Just when I thought I’ve seen it all, my animals surprise me with something else to shake my head at. I was in my office working when I looked out the window to see what the naughty’s were up to. Seemed normal, not much going on in below 0 weather. I had left the barn door open just enough to let them go outside in case they needed a break from each other. I saw two bunnies run out as fast as they could, following close behind was our goat Sierra. She chased those bunnies with her head bent low an inch or three behind a bunny butt all the way to the trees! She then walked back to the barn satisfied that her personal pile of hay was safe from un-wanted dinner guest!
We have a small hill by the garage that faces the barn and the animals like to eat the grass up there. Well it’s been snowing allot making the pasture very icy. The horse and donkey droppings have now become hard rocks that stick up like tiny mountains hiding under the snow to trip me. Any who….Dunkay was pawing for grass under the crusty blanket on the slanted side of the hill, ignoring me since I didn’t have any grain in my hands. I yelled out to him, “Dunkay, what ya doing up there” he turned and looked at me, he then proceeded to come down so he could greet me, his favorite human. Because of the ice, he started to lose his footing, sliding towards me with his legs doing the cartoon act, you know where you all you see is a circle of legs going around and around but they aren’t moving? I’m standing there watching him slide towards me, no traction under his hooves that are pumping thinking a hundred thoughts per second like, “oh no, do I run? Do I try to stop him? Will he knock me down if I can’t move away fast enough? Is he going break a leg? Is he going to die? Am I going to die? Where’s Chad when you need him?!” I spread my legs a bit, bend down a little and put my arms out, sorta like a baseball catcher, only in pink, hoping to catch a 300 pound donkey. What am I nuts? I come to my senses within seconds and step aside and let him slide past me. After he got his footing, he looked at me with a grin on his face! I believe he actually enjoyed himself!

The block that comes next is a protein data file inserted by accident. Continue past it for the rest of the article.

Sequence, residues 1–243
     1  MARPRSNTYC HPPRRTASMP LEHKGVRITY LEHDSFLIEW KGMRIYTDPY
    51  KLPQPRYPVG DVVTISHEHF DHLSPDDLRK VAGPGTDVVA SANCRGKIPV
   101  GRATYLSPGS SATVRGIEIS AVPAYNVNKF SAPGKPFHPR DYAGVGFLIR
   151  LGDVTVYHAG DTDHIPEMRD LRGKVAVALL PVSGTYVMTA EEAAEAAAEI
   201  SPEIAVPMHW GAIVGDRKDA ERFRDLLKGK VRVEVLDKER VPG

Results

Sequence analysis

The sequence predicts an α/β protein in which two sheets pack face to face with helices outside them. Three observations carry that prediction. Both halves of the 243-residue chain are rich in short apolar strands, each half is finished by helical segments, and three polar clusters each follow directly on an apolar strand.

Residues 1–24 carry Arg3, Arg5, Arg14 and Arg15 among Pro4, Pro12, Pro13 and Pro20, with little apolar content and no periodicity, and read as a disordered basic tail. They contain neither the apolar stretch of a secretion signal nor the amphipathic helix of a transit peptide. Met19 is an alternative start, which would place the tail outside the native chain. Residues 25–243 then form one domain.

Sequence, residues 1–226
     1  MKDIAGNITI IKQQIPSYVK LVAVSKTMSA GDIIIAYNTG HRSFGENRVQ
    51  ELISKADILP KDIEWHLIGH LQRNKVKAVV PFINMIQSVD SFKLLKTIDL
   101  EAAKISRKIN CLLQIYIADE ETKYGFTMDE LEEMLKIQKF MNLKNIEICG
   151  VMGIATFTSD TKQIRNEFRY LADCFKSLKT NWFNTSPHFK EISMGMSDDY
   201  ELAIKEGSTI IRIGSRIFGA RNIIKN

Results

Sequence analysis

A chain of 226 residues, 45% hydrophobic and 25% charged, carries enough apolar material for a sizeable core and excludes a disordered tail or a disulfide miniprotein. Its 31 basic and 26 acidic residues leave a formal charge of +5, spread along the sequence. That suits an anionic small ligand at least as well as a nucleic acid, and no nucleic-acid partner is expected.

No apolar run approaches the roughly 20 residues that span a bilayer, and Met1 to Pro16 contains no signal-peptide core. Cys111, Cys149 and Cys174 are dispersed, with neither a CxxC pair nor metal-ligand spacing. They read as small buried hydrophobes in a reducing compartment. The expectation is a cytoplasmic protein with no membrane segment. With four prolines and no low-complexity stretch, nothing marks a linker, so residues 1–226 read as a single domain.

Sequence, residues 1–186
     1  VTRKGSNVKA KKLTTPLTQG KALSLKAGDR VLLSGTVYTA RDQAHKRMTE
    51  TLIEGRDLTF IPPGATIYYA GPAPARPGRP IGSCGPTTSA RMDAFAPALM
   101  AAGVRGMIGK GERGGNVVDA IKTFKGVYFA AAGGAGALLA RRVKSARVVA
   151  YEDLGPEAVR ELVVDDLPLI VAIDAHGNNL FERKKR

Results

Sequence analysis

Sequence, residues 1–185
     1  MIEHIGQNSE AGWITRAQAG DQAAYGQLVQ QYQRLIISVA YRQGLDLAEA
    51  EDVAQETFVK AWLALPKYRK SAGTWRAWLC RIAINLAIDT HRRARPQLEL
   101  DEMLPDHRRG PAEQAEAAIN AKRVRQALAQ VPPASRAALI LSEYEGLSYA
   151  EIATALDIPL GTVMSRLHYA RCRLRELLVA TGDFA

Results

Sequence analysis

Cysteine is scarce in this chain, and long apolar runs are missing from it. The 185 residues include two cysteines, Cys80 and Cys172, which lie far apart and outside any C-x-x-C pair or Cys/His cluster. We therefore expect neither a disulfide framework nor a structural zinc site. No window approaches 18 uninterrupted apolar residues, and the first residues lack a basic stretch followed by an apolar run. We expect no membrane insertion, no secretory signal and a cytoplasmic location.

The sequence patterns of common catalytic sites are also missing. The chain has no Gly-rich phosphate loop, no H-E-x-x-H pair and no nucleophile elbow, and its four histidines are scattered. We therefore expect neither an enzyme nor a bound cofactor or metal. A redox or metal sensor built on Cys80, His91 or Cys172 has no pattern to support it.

Well since I’ve been writing about goats, I will tell about the 2cnd goat we got…for free. Jasper! You would think that after Billy, red flags would be easy to recognize. Well they’re not! Jasper came to us approx. 3 months after Billy went to live at his new butting playground. Jasper had been raised by an elderly lady who kept him in the house for the first year of his life. He was treated like a child and he excepted nothing less from Addie Acres when he joined our family. Jasper took over Billy’s old pen. It was the perfect goat area! It had a cozy 2 room shelter with a thick straw bed, a special wood ‘goat pole’ that we put up so he could scratch his horns and take care of any itch he may have. It had a large private pasture for running, playing and to lounge around in the sun with a small dirt hole for a body rub. Jasper had a couple of good points right from the start. He was already fixed and even thou he liked to play, he wasn’t a ‘butting’ goat. He would push around colorful beach balls, muzzle our hand for a massage and he had an unusual talent… escaping from any pen no matter where it was or how strong the structure! Billy the goat would butt us to play and Jasper the goat would escape so he could trot up to the house looking for his human family. He would spend un-noticed hours searching for a tasty bush he wasn‘t allowed to eat. We reinforced the fence, replacing most of it with horse fencing, plus we pounded in a few heavy duty posts to prevent him from pushing a wall down. Goats are famous for finding a weak spot in the fence or locating a hole as small as a guinea pig that they can hook their horns into until it is big enough to squeeze through. If he could get his head through an opening, his whole body would follow without effort! Jasper would work on his pen everyday, 24 hours a day, 7 days a week! There were many times when would I find him standing on the porch next to my white wicker furniture staring with dancing eyes, tail wagging! He was patiently waiting for me to come out to feed him and play. We had folks knocking day and night to inform us that our escapee was out enjoying exotic flowers. We caught him standing on his hind legs, front hooves on the window sill, looking in the family room trying to find life inside the house! Jasper was too friendly! He didn’t want to be alone and he didn’t enjoy living outside like an animal! I really liked Jasper, he was cute as a button and loved his humans! But he refused to be caged and enjoyed his freedom too much. It finally got to the point that we needed to find him a real farm with farmers who knew how to keep a Houdini inside the barn. So after a few short months we gave Jasper to a young lady who fell in love with him. She was active in 4H, and excited to show him off at the fair. We told her about his escape adventures, not holding any information back. Lucky for us, this teenage girl was raised on a large farm, experienced in taking care of goats. She was willing to take Jasper the escaping goat and teach him proper farm manners. When the day came to say goodbye, I was sad. I gave him a hug and help load him into her trailer. I watched my silly goat ride down the gravel driveway, his furry behind sticking out, tail wagging as the dusty white cloud enveloped them. I was disappointed that once again we were goat free, yet relived that I didn’t have to chase him down 5 days a week, worrying he might be struck by a car. Our ‘goat less ness’ lasted for about 8 months. Our next 2 FREE goats came from the Michigan City petting zoo. Their Care Taker promised that they wouldn’t try to escape, reassuring us that because they were hand raised at the zoo, they didn’t have that natural instinct to butt, they did however, enjoy circling around people for grain and vanilla wafers. Welcome Dillon and Sierra…the staring goats!